Thursday, January 28, 2010

Favorites from the past

A World Lit Only by Fire
by William Manchester

Every Friday, Alyce At Home With Books features this meme inviting us to look back at a favorite book from the past.  Since this week, I'll be doing an Unfinished Friday post, I'm posting this one today while the memory is fresh like the snowflakes falling quietly outside.  It's amazing how the smallest things can trigger our memories.

This week's memory was triggered by a scene in a Louise Penny book I's reading: The Fatal Grace where Inspector Gamage walks into a room lit by oil lamps because a huge blizzard had knocked out the power.  He stopped and said to himself "...a world lit only by fire."  Instantly I remembered this book which I read at least ten years ago.  It was published in 1993, and it's going back on my re-read pile.  I don't remember details, but I do remember I closed it and said 'that was a good book!'  Here's how it's described on the Amazon site:

It speaks to the failure of medieval Europe, writes popular historian William Manchester, that "in the year 1500, after a thousand years of neglect, the roads built by the Romans were still the best on the continent." European powers were so absorbed in destroying each other and in suppressing peasant revolts and religious reform that they never quite got around to realizing the possibilities of contemporary innovations in public health, civil engineering, and other peaceful pursuits. Instead, they waged war in faraway lands, created and lost fortunes, and squandered millions of lives. For all the wastefulness of medieval societies, however, Manchester notes, the era created the foundation for the extraordinary creative explosion of the Renaissance. Drawing on a cast of characters numbering in the hundreds, Manchester does a solid job of reconstructing the medieval world, although some scholars may disagree with his interpretations.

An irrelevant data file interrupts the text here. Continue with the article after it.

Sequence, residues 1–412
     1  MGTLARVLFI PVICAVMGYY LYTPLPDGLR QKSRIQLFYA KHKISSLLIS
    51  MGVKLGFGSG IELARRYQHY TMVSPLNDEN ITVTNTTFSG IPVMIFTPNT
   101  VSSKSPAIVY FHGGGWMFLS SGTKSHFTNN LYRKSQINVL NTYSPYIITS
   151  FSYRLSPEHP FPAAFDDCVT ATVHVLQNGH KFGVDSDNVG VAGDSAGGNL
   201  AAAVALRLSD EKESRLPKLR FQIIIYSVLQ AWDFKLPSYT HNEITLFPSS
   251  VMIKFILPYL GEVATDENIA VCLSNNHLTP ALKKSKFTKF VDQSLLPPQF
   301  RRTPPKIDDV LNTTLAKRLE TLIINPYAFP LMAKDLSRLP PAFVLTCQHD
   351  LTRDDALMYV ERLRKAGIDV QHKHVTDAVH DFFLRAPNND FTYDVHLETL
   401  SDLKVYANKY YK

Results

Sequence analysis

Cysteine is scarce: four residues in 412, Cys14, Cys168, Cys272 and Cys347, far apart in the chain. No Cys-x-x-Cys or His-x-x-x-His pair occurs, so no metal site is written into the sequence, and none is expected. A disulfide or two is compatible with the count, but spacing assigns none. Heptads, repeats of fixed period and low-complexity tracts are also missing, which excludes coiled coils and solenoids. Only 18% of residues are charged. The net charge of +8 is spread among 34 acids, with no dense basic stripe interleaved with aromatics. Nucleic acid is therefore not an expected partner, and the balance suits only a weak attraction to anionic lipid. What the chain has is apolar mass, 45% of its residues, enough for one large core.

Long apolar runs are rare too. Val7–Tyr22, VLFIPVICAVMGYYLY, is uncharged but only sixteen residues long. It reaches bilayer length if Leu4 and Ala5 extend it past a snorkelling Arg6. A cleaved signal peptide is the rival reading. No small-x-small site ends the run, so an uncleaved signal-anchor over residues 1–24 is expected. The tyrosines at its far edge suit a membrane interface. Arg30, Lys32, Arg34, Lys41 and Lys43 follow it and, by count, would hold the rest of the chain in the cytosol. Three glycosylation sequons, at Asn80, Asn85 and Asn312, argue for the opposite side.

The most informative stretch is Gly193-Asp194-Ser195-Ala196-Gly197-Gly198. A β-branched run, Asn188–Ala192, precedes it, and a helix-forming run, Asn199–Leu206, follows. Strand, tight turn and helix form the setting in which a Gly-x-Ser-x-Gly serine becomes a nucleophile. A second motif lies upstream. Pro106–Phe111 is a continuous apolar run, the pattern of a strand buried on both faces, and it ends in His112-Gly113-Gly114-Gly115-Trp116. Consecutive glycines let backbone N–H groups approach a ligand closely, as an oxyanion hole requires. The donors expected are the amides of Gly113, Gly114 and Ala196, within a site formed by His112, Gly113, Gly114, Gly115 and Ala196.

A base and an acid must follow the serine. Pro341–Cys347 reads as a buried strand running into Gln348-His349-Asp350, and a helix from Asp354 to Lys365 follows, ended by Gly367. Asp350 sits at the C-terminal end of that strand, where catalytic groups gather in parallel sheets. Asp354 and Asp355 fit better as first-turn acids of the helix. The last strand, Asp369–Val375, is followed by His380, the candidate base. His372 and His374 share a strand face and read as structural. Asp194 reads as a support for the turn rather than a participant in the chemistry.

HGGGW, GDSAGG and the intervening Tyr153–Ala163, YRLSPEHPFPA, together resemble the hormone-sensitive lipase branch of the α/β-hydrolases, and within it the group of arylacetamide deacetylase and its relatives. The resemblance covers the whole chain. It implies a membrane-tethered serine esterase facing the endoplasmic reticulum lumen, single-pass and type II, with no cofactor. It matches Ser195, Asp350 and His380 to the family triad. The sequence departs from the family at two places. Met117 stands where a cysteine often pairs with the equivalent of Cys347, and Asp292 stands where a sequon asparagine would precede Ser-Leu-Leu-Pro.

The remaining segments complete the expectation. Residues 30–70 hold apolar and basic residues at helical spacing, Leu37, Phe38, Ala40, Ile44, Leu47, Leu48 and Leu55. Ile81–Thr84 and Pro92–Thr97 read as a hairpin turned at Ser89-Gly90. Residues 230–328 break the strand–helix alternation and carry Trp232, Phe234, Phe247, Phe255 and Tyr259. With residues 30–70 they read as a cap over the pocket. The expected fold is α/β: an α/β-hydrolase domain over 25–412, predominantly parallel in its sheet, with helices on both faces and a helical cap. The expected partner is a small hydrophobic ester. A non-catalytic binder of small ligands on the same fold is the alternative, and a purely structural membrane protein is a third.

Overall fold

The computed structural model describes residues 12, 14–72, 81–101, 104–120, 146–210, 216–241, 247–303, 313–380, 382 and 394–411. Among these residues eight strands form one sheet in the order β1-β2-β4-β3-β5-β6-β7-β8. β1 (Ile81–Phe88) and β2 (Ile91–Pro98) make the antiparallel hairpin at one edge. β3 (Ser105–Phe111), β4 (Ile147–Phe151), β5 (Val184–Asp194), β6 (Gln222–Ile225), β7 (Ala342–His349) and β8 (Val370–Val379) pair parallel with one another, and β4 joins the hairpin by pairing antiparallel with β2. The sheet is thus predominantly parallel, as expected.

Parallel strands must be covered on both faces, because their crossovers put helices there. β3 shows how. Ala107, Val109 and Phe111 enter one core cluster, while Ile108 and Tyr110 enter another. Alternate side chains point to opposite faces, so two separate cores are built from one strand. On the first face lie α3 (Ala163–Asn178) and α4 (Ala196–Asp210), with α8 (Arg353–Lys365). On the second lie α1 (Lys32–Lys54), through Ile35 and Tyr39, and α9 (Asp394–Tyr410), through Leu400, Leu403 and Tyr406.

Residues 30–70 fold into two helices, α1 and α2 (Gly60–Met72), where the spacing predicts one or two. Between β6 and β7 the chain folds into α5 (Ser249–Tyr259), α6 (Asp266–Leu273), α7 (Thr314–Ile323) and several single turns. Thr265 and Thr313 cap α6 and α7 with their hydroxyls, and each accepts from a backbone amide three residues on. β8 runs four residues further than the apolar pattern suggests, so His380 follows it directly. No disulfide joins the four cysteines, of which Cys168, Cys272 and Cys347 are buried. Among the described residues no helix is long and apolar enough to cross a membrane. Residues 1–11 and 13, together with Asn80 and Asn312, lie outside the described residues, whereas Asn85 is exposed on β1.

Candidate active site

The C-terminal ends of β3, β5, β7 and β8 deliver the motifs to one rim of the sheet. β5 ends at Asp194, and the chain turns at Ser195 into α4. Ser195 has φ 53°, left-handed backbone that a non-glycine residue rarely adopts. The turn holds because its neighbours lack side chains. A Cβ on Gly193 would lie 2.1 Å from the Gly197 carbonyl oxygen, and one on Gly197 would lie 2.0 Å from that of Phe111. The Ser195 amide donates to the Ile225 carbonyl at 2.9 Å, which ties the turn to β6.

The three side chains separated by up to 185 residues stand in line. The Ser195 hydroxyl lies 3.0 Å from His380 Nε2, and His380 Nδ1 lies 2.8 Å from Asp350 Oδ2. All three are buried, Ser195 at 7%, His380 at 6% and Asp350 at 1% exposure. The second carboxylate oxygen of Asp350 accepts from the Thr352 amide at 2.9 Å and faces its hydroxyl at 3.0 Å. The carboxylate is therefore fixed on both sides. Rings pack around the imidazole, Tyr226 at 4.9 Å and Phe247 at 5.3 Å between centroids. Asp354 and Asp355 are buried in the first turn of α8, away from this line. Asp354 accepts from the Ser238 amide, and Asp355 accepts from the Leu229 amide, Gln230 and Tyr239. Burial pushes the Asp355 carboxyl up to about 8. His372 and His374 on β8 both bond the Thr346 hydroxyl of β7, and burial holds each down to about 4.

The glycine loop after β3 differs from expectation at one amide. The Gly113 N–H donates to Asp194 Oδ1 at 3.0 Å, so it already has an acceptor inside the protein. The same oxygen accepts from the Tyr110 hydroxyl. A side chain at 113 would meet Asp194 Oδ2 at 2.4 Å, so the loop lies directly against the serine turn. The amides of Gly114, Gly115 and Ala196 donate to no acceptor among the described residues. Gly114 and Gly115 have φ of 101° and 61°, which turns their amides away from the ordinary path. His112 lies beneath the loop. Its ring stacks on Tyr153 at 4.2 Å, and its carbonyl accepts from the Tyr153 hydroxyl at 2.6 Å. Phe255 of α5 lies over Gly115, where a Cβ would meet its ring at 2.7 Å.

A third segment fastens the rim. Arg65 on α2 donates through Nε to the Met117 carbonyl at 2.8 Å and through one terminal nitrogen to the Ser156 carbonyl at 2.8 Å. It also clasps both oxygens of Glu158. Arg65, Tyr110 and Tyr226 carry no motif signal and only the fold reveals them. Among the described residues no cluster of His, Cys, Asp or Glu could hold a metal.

Later, when Thomas Cahill started his Hinges of History series, I found my positive reaction to Manchester laid a great foundation for reading Cahill.  And here, in Maine in the winter, we quite often have short periods of time when the world is truly 'lit only by fire.'  It's magnificent.

1 comment:

  1. This book sounds like it would be very good! I haven't read a lot of medieval lit, and this sounds like one that would give a nice full picture of what life was like. The cast of characters in the hundreds sounds like it might be hard to keep up with though.


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